We also want the circles to face us. Our options here are to rotate the balls in the cloner, or offset the texture. We’re in the transform node anyway, so let’s offset the texture by changing the T.X (transform X) value to 0.25.
The Circle mask is now ready, so let’s feed it into the Amount input of the Circle Mix node. In this case, we want the output of our Color/Bone Mix to be Texture 1 (maps to the black area of the mask, unaltered). The circle color is the same Bone color we have already, so we can reuse the same Bone color node and feed that into Texture 2 (maps to the white circular area of the mask, fully altered).
The cue ball will also get a bone-colored circle, but since it’s the exact same color as its base color, we don’t have to worry about it and mask it out (we have enough of those as it is).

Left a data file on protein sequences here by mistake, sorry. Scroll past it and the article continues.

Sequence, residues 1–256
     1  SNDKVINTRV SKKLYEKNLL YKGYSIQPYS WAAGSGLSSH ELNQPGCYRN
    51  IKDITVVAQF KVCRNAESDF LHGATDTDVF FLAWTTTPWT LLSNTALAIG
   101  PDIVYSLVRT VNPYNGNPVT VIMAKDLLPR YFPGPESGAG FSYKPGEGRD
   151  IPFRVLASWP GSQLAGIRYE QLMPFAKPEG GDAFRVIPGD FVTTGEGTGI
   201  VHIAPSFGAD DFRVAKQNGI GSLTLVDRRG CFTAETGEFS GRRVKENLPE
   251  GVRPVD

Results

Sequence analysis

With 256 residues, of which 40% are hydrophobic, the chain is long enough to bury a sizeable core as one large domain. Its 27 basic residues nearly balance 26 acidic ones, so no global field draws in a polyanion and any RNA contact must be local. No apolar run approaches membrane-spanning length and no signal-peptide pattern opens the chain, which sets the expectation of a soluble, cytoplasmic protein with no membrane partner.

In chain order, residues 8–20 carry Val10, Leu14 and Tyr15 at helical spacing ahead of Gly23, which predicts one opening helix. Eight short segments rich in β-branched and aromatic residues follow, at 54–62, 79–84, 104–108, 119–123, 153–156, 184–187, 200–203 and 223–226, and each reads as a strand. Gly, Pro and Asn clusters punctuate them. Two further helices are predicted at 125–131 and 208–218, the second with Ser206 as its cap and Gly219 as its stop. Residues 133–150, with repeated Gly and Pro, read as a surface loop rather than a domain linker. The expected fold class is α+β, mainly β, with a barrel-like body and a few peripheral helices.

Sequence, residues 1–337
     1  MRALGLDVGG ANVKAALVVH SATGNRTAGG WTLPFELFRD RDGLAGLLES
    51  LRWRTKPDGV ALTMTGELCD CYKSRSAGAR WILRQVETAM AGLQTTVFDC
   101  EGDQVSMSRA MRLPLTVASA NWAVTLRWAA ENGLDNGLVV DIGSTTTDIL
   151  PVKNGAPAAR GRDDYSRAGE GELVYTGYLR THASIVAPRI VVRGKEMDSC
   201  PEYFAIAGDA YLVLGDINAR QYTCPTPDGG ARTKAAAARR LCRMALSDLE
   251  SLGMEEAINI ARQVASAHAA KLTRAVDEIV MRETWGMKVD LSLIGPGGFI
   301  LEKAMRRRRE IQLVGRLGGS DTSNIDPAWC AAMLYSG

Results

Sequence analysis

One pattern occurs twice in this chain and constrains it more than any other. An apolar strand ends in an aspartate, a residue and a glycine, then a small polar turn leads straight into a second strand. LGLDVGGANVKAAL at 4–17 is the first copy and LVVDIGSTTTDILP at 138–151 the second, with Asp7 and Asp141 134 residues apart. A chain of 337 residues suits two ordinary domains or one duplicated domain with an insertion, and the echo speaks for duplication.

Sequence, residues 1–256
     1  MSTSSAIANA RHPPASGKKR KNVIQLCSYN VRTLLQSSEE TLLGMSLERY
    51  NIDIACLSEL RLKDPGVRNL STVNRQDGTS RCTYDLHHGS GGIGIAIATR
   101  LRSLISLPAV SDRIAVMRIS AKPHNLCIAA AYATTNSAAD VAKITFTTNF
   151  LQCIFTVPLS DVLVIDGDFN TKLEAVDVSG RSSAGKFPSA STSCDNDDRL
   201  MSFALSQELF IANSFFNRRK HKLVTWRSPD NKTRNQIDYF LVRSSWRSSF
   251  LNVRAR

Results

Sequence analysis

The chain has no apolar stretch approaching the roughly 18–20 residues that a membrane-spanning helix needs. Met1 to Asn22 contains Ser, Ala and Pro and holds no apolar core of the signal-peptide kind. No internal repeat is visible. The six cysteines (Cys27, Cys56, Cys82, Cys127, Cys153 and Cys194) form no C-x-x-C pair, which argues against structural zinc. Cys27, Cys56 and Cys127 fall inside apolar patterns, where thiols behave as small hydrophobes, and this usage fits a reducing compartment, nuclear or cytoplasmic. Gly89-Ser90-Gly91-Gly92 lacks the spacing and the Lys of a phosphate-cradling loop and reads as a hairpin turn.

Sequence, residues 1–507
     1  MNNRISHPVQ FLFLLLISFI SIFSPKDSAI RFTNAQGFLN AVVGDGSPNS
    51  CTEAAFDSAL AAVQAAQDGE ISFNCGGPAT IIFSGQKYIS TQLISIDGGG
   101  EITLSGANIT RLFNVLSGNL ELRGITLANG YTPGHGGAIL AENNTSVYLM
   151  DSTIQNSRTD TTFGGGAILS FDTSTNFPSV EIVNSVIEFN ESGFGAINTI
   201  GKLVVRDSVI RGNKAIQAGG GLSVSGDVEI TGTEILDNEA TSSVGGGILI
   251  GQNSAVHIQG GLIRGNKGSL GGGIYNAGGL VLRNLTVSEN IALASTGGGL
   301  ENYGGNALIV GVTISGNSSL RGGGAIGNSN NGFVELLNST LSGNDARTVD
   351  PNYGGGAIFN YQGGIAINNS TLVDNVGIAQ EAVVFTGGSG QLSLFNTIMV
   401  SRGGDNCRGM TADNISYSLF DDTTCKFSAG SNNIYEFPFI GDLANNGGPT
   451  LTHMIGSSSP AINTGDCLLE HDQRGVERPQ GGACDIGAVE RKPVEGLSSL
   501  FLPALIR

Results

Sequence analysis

Let’s hook the Circle Mix up to the Albedo channel, and we’re almost there.
Fourth and Final Mix - Applying the Numbers
Until now, we’ve used the same Mograph Color Shader to do everything. Now that we need individual textures on each ball (the numbers), we’re going to need a different node.
The Mograph Multi Shader will apply different textures to different clones. It uses unique gray values to determine how to distribute the textures. It works very similarly to the Color Shader, only it’s dealing in textures. Let’s pull one of those out and click it to have a look at its properties.
The Mograph Multi Shader, like the Mograph Color Shader, relies on the Input Color Profile being Linear. We already did that in a previous step, but just be aware of that going forward.